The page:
Speakers chosen for April 17 TEDx conference in Cody

A collared deer leaps away from conservation biologist Matthew Kauffman after being captured and processed this month as part of the Wyoming Migration Initiative. Kauffman will be among eight speakers featured April 17 during TEDx Cody, a conference focused on short presentations centered around a theme of "Depicting the West."

Wyoming Game & Fish Department

A collared deer leaps away from conservation biologist Matthew Kauffman after being captured, processed and released earlier this month as part of the Wyoming Migration Initiative. Kauffman will be among eight speakers featured April 17 during TEDx Cody, a conference focused on short presentations centered around a theme of "Depicting the West."

CODY, WYO. — A diverse roster of speakers will explore topics ranging from Wyoming’s big game migrations to leadership secrets of the Wild West next month as part of Cody’s first TEDx conference.

TEDx Cody is a local, self-organized event licensed under the nonprofit TED organization that holds globally heralded conferences featuring short talks aimed at communicating powerful “ideas worth spreading.” Cody’s conference will feature eight speakers discussing the event’s theme: “Depicting the West.”

Conference organizer John Wells said the April 17 event will “reflect a cultural shift under way at the heart of the Western experience.”

Wells organized last year’s Yellowstone Skate Jam, which supported Cody’s skateboard bowl at Mentock Park and benefited young skateboarders in Afghanistan.

Presenters for the April 17 TEDx Cody conference will be:

Journalist and entrepreneur Tim White, discussing leadership secrets of the Wild West.

Wildlife researcher Matthew Kauffman, discussing Wyoming’s big game migrations.

Multidisciplinary artist Bently Spang, discussing the tensions between indigeneity and Western ideals reflected in his art.

Northwest College Development Coordinator Andrea Shipley, discussing women in the Equality State.

Heart Mountain Interpretive Center Executive Director Brian Liesinger discussing the value of mining our miseries for richer stories.

Writer Bill Hoagland reading original poems of Park County.

Sportsman Rob Breeding discussing the cultural tradition of hunting.

Community development specialist Tara Kuipers on community collaboration as the barn-raising of our modern times.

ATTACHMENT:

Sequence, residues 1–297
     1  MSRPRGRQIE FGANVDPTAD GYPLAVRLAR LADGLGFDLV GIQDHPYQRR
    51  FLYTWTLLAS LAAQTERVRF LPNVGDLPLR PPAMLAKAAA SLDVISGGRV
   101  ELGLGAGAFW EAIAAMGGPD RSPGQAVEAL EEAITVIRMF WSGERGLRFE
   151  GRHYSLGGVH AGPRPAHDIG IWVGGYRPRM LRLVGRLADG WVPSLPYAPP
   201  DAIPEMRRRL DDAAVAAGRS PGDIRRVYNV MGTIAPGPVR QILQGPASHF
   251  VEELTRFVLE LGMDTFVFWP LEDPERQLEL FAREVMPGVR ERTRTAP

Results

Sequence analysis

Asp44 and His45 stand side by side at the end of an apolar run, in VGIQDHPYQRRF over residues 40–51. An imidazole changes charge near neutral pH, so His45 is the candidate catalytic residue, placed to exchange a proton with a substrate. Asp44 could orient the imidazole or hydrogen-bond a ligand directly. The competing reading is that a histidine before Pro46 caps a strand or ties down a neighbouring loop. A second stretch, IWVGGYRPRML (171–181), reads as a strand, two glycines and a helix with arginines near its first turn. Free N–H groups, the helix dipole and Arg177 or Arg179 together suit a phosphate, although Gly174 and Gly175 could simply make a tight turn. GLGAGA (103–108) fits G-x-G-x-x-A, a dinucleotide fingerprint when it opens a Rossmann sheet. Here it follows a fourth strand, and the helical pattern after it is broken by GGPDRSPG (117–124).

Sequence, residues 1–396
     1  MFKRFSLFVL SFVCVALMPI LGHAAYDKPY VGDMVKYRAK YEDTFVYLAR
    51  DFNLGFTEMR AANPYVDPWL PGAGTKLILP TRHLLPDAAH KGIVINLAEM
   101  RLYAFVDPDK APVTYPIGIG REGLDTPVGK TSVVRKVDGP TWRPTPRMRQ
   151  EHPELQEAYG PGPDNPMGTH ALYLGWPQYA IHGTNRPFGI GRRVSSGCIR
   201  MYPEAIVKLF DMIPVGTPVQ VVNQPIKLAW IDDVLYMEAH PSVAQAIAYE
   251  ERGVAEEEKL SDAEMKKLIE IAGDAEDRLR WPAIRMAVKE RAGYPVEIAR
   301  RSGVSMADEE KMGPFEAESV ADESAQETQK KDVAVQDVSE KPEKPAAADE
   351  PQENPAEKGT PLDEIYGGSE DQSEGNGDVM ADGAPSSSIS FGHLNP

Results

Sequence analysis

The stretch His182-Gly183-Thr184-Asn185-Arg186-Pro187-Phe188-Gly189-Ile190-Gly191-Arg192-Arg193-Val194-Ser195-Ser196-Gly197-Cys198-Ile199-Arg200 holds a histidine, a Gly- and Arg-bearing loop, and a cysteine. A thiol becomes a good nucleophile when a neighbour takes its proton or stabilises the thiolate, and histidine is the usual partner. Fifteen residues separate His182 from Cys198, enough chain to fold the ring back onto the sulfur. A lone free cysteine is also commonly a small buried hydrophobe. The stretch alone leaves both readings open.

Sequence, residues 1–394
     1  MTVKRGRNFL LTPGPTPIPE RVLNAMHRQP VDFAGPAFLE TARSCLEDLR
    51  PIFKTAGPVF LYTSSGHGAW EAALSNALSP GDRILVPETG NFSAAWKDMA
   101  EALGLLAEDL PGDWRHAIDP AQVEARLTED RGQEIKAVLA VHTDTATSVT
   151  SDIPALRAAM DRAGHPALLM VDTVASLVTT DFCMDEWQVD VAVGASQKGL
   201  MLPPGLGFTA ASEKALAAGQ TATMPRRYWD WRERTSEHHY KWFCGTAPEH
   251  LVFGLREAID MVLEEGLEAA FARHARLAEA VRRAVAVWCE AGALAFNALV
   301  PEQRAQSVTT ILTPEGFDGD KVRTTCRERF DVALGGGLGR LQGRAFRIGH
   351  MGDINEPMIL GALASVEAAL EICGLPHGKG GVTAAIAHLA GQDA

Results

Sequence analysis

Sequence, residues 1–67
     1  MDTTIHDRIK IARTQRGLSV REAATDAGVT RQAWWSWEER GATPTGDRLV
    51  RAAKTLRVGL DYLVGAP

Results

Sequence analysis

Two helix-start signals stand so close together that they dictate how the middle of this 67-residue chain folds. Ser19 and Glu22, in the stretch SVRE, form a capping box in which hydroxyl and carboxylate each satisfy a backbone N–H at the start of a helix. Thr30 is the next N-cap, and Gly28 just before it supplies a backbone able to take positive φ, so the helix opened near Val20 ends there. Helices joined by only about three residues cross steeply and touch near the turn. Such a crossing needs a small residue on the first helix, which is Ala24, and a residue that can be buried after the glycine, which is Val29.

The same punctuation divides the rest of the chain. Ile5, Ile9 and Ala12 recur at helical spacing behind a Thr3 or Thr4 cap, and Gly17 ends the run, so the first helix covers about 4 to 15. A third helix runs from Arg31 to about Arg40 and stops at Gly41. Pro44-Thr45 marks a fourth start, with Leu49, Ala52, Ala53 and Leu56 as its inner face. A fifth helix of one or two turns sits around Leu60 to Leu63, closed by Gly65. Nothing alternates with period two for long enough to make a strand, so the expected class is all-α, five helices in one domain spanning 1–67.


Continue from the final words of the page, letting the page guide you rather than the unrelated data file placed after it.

“It’s a great line-up of speakers that reflects a broad range of compelling topics,” said organizing committee member Jenny DeSarro, one of about a dozen people volunteering to help launch TEDxCody.

“Picking our final roster was difficult because of the many great applicants, and we want to thank everyone who applied to speak,” DeSarro said.

Kauffman, who works from the University of Wyoming in Laramie on a number of wildlife research projects, said he has spoken to many groups about his work, but never as part of a TED event.

“I’m intrigued by the TED style of presentation, which is a very compelling way to tell important stories,” Kauffman said. “I’m excited to shape some of the things I’ve talked about before into the TED format, and bring it to a Cody audience.”

“The long-distance migrations I’ll be talking about are a part of the West we’ve lost in many places, but we still retain in Wyoming,” he said. “It’s part of Wyoming’s cultural heritage, and there’s a connection to the broader theme of Western issues that migration can speak to.”

DISCLOSURE: Ruffin Prevost, the author of this story, is also a member of the TEDx Cody organizing committee.

If you go…

TEDx Cody is scheduled for 5:30 – 9:30 p.m. April 17 at the Buffalo Bill Center of the West, with seating for the event capped under TED rules to no more than 100. Tickets are $35 (seniors and students $15), and available online and at The Thistle in Cody and the Powell Tribune. Visit www.tedxcody.com for more information.

One thought on “Speakers chosen for April 17 TEDx conference in Cody

  1. I’m sorry , but ” Leadership Secrets of the Wild West ” as a TEDx talk is just about the biggest whopper of an oxymoron that I’ve heard this year. But it’s only April 1….